I can appreciate a beautiful painting while not grasping its symbolism. It doesn’t stop me at marveling at its appealing colors. That’s exactly what I felt during the St. Vincent’s Fear the Future concert on a cold Monday night. The solo art piece had Annie Clark, AKA St. Vincent, dressed as a futuristic sadomasochistic superhero. She performed in front of video clips of her eating moving sushi, rolling in orange shredded fax paper, and having plastic surgery during a Hollywood press conference. It was over my head like my college philosophy class, but it was beautiful (unlike my college philosophy class).
|St. Vincent showing off her assets – Photo
by the Rock and Roll Princess
The first set of music was reworked arrangements of St. Vincent’s better-known songs. Appearing on one side of the stage dressed in thigh high hot pink latex boots and a matching bustier, St. Vincent started with her earliest material from 2007’s debut album Marry Me and worked her way through her 2014’s Grammy award winning self titled album. She sang and played guitar to backing tracks that had lush string arrangements mixed with drum machines and synthesizers. The crowd was memorized. Besides cheering and applauding between songs they were silent until the chorus of Strangers when they sung, “Paint the black hole blacker.” After a few more songs, St. Vincent would change stage positions along with her different colored guitars until she was finally near my side of the stage. That’s when she turned her backside my direction (I didn’t know if this was an insult or maybe the best view of the night).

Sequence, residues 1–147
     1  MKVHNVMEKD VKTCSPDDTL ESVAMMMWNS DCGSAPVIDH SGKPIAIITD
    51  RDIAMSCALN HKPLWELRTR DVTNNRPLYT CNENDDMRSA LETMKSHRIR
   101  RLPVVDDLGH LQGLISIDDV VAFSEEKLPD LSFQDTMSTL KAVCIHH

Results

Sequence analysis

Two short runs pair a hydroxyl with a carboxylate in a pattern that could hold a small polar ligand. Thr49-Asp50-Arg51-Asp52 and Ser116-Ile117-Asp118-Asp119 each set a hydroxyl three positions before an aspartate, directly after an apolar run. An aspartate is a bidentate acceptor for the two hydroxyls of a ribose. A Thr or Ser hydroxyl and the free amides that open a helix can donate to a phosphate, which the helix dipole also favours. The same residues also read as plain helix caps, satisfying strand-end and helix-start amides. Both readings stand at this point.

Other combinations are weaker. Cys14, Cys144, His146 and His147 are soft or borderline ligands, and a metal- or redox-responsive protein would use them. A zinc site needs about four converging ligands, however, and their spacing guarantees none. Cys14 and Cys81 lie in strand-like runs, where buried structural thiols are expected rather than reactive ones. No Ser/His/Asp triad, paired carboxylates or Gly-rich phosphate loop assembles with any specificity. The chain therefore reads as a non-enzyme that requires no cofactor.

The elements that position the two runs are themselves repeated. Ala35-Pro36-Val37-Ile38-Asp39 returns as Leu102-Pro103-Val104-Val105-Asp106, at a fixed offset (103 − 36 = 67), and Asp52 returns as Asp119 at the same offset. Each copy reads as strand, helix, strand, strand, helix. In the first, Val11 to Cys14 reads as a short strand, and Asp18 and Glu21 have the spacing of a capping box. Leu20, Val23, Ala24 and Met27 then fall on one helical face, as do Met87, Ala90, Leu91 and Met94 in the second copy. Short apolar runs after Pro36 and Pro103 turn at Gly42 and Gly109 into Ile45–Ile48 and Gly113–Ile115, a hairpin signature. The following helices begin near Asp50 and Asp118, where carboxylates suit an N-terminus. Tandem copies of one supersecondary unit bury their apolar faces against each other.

|St. Vincent and gifted underwear|
After the first set, St. Vincent appeared on a platform center stage in a silver mini-skirt with green latex sleeves (I guess it was the futuristic superhero sadomasochistic prom look). She performed her latest album Masseduction in its entirety. The songs were played along with bizarre videos and seizure inducing strobe lights during her guitar solos In the middle of the set, “fancy underwear” were tossed on stage. St. Vincent stopped and pondered to the audience if the undergarment was clean. She also educated the crowd about the non sexiness of Gilligan & O’Malley Target brand underwear. St. Vincent informed the giver of the garment that she would knit a quilt with it and give it to her mother.
|St. Vincent in front of images of St. Vincent|
One of the themes I understood from Masseduction was addiction. The horror jingle Pills and the haunting Happy Birthday Johnny illustrated the monstrosities of drug addiction. St. Vincent is donating a dollar from every ticket sold from the Fear the Future Tour to the Phoenix House. That organization assists individuals and families with substance abuse problems and mental illness. Before closing the show, St. Vincent thanked her aunt and uncle, Tuck & Patti, for opening the show. “They provide much needed compassion to this world.”
|Tuck & Patti|
Before transforming into St. Vincent, a fifteen-year-old Annie Clark toured with her uncle Tuck Andress and auntie Patti Cathcart better know as the jazz duet Tuck & Patti. Clark returned the favor and had them open for her this time. The couple has been married for thirty-two years and performing together for thirty-five. They took the stage dressed to impress in white. The crowd who were there to see an indie rock goddess dressed in latex listened politely. Cathcart told the audience a heart-warming story about helping a struggling single mother at a grocery store. It was the introduction to the song Strength that she wrote about the experience. Andress played a solo instrumental version of Stevie Wonder’s I Wish on his 1953 Gibson L-5. It made it obvious that amazing guitar playing is in the family genes. Patti Cathcart came back to join him for Jimmy Hendrix’s Castles Made of Sand/Little Wing medley.
See you at the next show. I’ll be in thigh high latex boots with my backing tracks.